- Hurricane Katrina of the 2005 Atlantic hurricane season was the costliest
natural disaster, as well as one of the five deadliest hurricanes, in the
history of the United States.
- Katrina is a 1969 South African drama film directed by Jans Rautenbach and
starring Katinka Heyns, Jill Kirkland and Don Leonard. The screenplay was
written by Emil Nofal.
- Katrina or Katrine is a feminine English, German, Swedish and Dutch given
name. It is a derivative of Katherine.
- photograph: a representation of a person or scene in the form of a print or
transparent slide; recorded by a camera on light-sensitive material
- PHOTO was the name of an American photographic magazine geared towards men.
It was published monthly by the Official Magazine Corporation beginning in June
- Photo is a French magazine about photography, published monthly by Hachette
Filipacchi Medias. It is mostly focused on artistic aspects of photography
rather than technical aspects. The editorial line is mostly oriented toward
fashion and nude photography.
- A photo finish
- A photograph
photo - The Great
The Great Deluge: Hurricane Katrina, New Orleans, and the Mississippi Gulf
In the span of five violent hours on August 29,
2005, Hurricane Katrina destroyed major Gulf Coast cities and flattened 150
miles of coastline. But it was only the first stage of a shocking triple
tragedy. On the heels of one of the three strongest hurricanes ever to make
landfall in the United States came the storm-surge flooding, which submerged a
half-million homes—followed by the human tragedy of government mismanagement,
which proved as cruel as the natural disaster itself.
In The Great Deluge,
bestselling author Douglas Brinkley finds the true heroes of this unparalleled
catastrophe, and lets the survivors tell their own stories, masterly allowing
them to record the nightmare that was Katrina.
Douglas Brinkley, a professor at Tulane University, lived through the
destruction of Hurricane Katrina with his fellow New Orleans residents, and now
in The Great Deluge he has written one of the first complete accounts of that
harrowing week, which sorts out the bewildering events of the storm and its
aftermath, telling the stories of unsung heroes and incompetent officials alike.
Get a sample of his story--and clarify your own memories--by looking through the
detailed timeline he has put together of the preparation, the hurricane, and the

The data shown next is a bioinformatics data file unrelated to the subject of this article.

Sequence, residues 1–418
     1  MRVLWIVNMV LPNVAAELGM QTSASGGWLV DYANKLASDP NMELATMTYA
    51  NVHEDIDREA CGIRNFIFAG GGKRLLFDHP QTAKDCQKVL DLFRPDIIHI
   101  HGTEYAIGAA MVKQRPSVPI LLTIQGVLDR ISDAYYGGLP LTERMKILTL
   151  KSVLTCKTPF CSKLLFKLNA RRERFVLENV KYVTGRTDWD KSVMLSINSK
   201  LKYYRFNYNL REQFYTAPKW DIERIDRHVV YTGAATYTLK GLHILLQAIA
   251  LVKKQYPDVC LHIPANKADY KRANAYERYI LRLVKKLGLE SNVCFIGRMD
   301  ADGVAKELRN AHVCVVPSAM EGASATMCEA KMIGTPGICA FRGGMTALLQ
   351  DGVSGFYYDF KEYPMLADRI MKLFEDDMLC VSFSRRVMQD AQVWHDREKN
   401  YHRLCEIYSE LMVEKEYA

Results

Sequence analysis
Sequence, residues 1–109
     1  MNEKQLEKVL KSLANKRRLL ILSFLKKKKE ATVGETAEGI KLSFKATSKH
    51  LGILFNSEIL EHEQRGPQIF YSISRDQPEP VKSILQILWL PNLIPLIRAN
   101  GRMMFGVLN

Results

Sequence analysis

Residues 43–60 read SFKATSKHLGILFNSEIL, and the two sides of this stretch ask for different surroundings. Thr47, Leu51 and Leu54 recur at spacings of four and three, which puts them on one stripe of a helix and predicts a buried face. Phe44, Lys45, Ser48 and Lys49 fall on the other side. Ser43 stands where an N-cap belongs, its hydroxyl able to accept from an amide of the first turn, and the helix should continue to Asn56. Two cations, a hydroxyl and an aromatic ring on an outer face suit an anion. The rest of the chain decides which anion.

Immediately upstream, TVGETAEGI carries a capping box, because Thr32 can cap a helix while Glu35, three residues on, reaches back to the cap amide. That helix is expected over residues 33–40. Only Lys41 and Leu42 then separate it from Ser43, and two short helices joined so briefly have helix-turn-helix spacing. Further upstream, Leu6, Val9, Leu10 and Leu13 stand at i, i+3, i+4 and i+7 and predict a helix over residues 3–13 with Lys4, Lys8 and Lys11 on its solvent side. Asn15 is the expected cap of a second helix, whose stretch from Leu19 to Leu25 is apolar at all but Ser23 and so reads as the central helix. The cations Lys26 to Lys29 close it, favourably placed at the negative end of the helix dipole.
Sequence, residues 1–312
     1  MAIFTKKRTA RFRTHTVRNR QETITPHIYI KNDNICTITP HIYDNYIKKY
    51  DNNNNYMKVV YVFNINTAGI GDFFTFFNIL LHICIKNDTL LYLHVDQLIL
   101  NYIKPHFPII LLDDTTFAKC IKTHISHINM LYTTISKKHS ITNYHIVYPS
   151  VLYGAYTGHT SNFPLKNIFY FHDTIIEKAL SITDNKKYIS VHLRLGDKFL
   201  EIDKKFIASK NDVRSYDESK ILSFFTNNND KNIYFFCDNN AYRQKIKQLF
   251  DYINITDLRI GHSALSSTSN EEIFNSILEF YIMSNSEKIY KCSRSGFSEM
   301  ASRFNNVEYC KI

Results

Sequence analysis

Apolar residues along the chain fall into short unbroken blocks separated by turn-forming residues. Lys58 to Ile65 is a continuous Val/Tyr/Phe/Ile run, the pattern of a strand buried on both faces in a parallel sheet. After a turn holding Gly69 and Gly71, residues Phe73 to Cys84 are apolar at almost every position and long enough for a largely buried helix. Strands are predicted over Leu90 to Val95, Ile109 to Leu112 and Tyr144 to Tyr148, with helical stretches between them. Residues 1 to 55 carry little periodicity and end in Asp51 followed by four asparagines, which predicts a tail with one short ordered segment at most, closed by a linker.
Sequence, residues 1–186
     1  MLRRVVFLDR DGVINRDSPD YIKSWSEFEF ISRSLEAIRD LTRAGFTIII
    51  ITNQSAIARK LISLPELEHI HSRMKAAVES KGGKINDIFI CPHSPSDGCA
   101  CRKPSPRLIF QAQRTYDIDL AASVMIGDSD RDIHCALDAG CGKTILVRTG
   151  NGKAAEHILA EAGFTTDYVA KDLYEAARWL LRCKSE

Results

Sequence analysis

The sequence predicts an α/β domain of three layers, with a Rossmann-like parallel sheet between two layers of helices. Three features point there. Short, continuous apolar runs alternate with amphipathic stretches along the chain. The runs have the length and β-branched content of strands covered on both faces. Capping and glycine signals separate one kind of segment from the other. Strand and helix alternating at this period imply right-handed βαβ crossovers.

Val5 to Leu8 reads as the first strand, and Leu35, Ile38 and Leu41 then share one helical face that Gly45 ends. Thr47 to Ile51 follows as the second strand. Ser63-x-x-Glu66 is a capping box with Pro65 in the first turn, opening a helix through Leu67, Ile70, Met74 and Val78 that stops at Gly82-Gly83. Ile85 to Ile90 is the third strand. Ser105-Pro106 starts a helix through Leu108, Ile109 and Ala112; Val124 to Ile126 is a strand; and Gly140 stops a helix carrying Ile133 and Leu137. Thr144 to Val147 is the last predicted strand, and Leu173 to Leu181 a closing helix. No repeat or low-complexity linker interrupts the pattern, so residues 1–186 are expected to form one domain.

response to one of the worst disasters in American history.
I found this bottle while gutting houses after
Hurricane Katrina about two years ago. The notes point out all the dents in the
bottle due to weathering Katrina. The house that we were gutting was in Ocean
Springs, MS and was less than half a mile from the ocean. The water rose to
completely submerge both floors of this house. It was completely destroyed.
Well, I rinsed out the bottle and still use it, has been a great water bottle.
KAtrina at one point was supposed to come to
On August 29th, 2005, Hurricane Katrina
devastated the Gulf Coast, killing at least 1,300, destroying over 600,000
houses, and turning downtown New Orleans into an uninhabitable swamp. In a
compelling hour-by-hour reconstruction of the ferocious storm, NOVA exposes
crucial failures in preparation and engineering that led to the worst disaster
in U.S. history. The film probes the titanic forces behind hurricanes and the
latest technology for tracking and predicting them, showing how scientists
precisely foresaw the impact of a strong hurricane on New Orleans a year before
Katrina struck. NOVA investigates the fatal flaws in New Orleansi levees and the
huge challenge posed by protecting and rebuilding the city. As global
temperatures rise, are killer storms like Katrina a growing threat?Hurricane
Katrina: The Storm that Drowned a City presents astonishing storm footage,
suspenseful eyewitness testimony, and a penetrating analysis of what went wrong.
Viewers relive the storm through the eyes of survivors and the stories of top
engineers, hurricane experts, and emergency officials as they grappled with the
arrival of the storm and its traumatic aftermath.Special DVD features include:
materials and activities for educators; a link to the NOVA Web site; scene
selections; closed captions; and described video for the visually impaired. On
one DVD5 disc. Region coding: All regions. Audio: Dolby stereo. Screen format:
The narration is melodramatic, some of the interviews feel
stagy--but the footage of Hurrican Katrina and its horrendous aftermath is
staggering. Hurrican Katrina - The Storm That Drowned a City, a NOVA special,
begins a year earlier, when a team of scientists created a computer simulation
of the destructive effect a powerful storm could have on New Orleans and the
Gulf Coast. Though local officials took it seriously, the federal response was
skeptical, and little was done to strengthen the city's protection. Using a
combination of remarkable video of the developing storm and interviews with
scientists, city residents (black and white), and member of the Army Corps of
Engineers, Hurrican Katrina builds a compelling story of the disaster as it
unfolded. Sophisticated graphics explain how hurricanes form and how the levees
failed. The special touches lightly on the possibility that global warming may
be exacerbating the intensity of hurricanes, but shies away from the political
storm of the meager federal response to the devastation of New Orleans. The
result is a vivid, detailed description of the natural disaster, but an
incomplete portrait of the social one. --Bret Fetzer